The reform will also allow increased discretion to VCAT to give a renter, in appropriate circumstances, an opportunity to catch up on outstanding rent arrears and remain in the rented premises.
Within any 12 month period, on each of the first, second, third and fourth occasion of non-payment of rent, the residential rental provider will be able to give the renter a 14 day notice to vacate. On the first four occasions, if the renter pays the outstanding amount of rent before the expiry of the 14 days, the notice to vacate becomes invalid.
If the renter does not pay the outstanding rent within the 14 day notice period, the residential rental provider can apply to VCAT for a possession order. In determining whether to grant a possession order, VCAT will be able to assess whether to place the renter on a payment plan to meet the outstanding arrears. If a payment plan is not a feasible option for the renter, VCAT will issue a possession order. However, if the renter is placed on a payment plan and complies with the plan by paying off the arrears, VCAT must dismiss the application for the possession order. If the renter does not comply with the payment plan, VCAT can issue a possession order.
If a renter has received four notices in any 12 month period, they will accrue ‘3 strikes’ against their name. If no more notices are received during that period, the strikes will be cleared. However, if the renter fails to pay rent as required on a fifth occasion in the same 12 month period, the residential rental provider may apply to VCAT for a possession order and VCAT can choose to issue the order whether or not the renter pays the outstanding arrears within the 14 day notice period. VCAT must consider whether eviction would be reasonable and proportionate, taking into account a variety of factors, including the frequency of non-payment.
As the proposed model will not provide a termination avenue to RRPs experiencing rent arrears up to 13 days after the due date, an additional amendment to existing compensation provisions for rent arrears will enable RRPs to seek compensation for any amount of unpaid rent and other consequential losses after the payment is at least 14 days late on two previous occasions.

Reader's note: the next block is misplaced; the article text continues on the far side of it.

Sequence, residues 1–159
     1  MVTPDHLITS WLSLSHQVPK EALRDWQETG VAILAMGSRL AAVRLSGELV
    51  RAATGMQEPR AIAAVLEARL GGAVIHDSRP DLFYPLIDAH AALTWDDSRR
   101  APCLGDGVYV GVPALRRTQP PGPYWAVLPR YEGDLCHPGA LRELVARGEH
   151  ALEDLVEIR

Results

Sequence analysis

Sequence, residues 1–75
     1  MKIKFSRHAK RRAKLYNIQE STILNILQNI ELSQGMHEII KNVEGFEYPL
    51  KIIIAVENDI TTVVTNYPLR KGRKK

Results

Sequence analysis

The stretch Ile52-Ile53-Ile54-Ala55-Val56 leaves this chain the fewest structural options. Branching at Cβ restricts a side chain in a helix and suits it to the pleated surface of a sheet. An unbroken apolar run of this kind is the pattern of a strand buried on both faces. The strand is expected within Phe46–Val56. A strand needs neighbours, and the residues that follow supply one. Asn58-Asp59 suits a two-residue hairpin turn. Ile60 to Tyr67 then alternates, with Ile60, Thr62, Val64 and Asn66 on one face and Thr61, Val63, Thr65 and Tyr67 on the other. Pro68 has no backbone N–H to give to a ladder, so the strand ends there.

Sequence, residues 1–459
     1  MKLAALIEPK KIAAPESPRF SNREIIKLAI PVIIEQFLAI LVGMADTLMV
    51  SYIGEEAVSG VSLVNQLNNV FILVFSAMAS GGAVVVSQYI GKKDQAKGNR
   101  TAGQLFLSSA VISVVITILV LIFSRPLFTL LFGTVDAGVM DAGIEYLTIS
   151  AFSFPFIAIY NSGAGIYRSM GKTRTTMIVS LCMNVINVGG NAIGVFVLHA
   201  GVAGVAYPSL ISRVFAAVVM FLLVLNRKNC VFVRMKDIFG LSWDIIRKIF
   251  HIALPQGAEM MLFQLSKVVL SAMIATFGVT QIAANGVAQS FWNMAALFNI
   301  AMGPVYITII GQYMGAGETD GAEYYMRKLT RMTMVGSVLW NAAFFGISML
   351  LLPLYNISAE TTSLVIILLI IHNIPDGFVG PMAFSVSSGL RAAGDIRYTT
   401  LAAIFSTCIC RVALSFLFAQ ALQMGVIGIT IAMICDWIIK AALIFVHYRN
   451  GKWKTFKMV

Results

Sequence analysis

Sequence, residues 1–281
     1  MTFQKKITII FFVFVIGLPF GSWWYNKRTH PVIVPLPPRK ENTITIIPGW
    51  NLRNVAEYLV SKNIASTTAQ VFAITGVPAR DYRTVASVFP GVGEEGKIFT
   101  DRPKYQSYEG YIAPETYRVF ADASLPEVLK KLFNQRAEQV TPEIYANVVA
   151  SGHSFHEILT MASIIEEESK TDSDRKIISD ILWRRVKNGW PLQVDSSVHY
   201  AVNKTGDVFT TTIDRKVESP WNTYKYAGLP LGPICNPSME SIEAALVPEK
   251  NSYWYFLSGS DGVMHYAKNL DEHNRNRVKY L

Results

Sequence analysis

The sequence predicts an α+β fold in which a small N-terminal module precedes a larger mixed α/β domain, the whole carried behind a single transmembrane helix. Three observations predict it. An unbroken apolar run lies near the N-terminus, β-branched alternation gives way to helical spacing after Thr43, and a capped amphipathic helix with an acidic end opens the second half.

VCAT will be able to refuse to grant a possession order on the basis that it would not be reasonable or proportionate to do so. This will enable VCAT to formally consider such factors as the frequency of a particular breach, whether it is trivial, whether someone else was involved, whether family violence was a contributing reason, whether the breach has been remedied to the extent possible, the effect of the conduct on other people, the respective parties' behaviour, and any other relevant matter.
The aim of this test is to ensure that eviction is a last resort, that rental relationships are not ended unnecessarily and that other avenues for dealing with problematic behaviour are pursued in order to promote greater security of tenure. This reform applies for all tenure types.
VCAT will no longer have discretion to refuse to make a possession order if it considers that there will be no future reoccurrence of a breach, or that a disturbance will not be repeated. Predicting the future conduct of parties is a speculative practice which prevents the termination provisions from functioning effectively in instances of otherwise serious conduct. This reform applies for all tenure types.
A mortgagee in possession of rented premises or a rooming house will be required to give 60 days’ notice to vacate during a periodic or fixed term agreement. This increase (from 28 days’ notice to vacate) will align more closely with other notice periods given for change of use.
If a mortgagee has expressly or impliedly consented to the mortgagor entering into a residential rental agreement in relation to the mortgaged premises, the mortgagee upon taking possession of the rented premises will be subject to all the provisions of the Residential Tenancies Act as though it were the RRP, including honouring any fixed term of the residential rental agreement.
If a mortgagee applies to VCAT for possession of a rented property, the mortgagee will need to evidence their entitlement to possession and to exercise a power of sale with the relevant court order. This reform also applies to mortgagee repossession to rooming houses, caravan parks and residential parks.
Current provisions for a 28 day notice period following the death of a sole renter can result in a property being left vacant unnecessarily and can create unnecessary delays in the creation of a new tenancy for other occupants. The provision for termination after the death of a sole renter will be streamlined and modernised. In these circumstances, either the RRP or the legal personal representative or next of kin of the deceased renter will be able to give a notice to vacate or notice of intention to vacate to the other party, and VCAT will also be able to make orders terminating the agreement.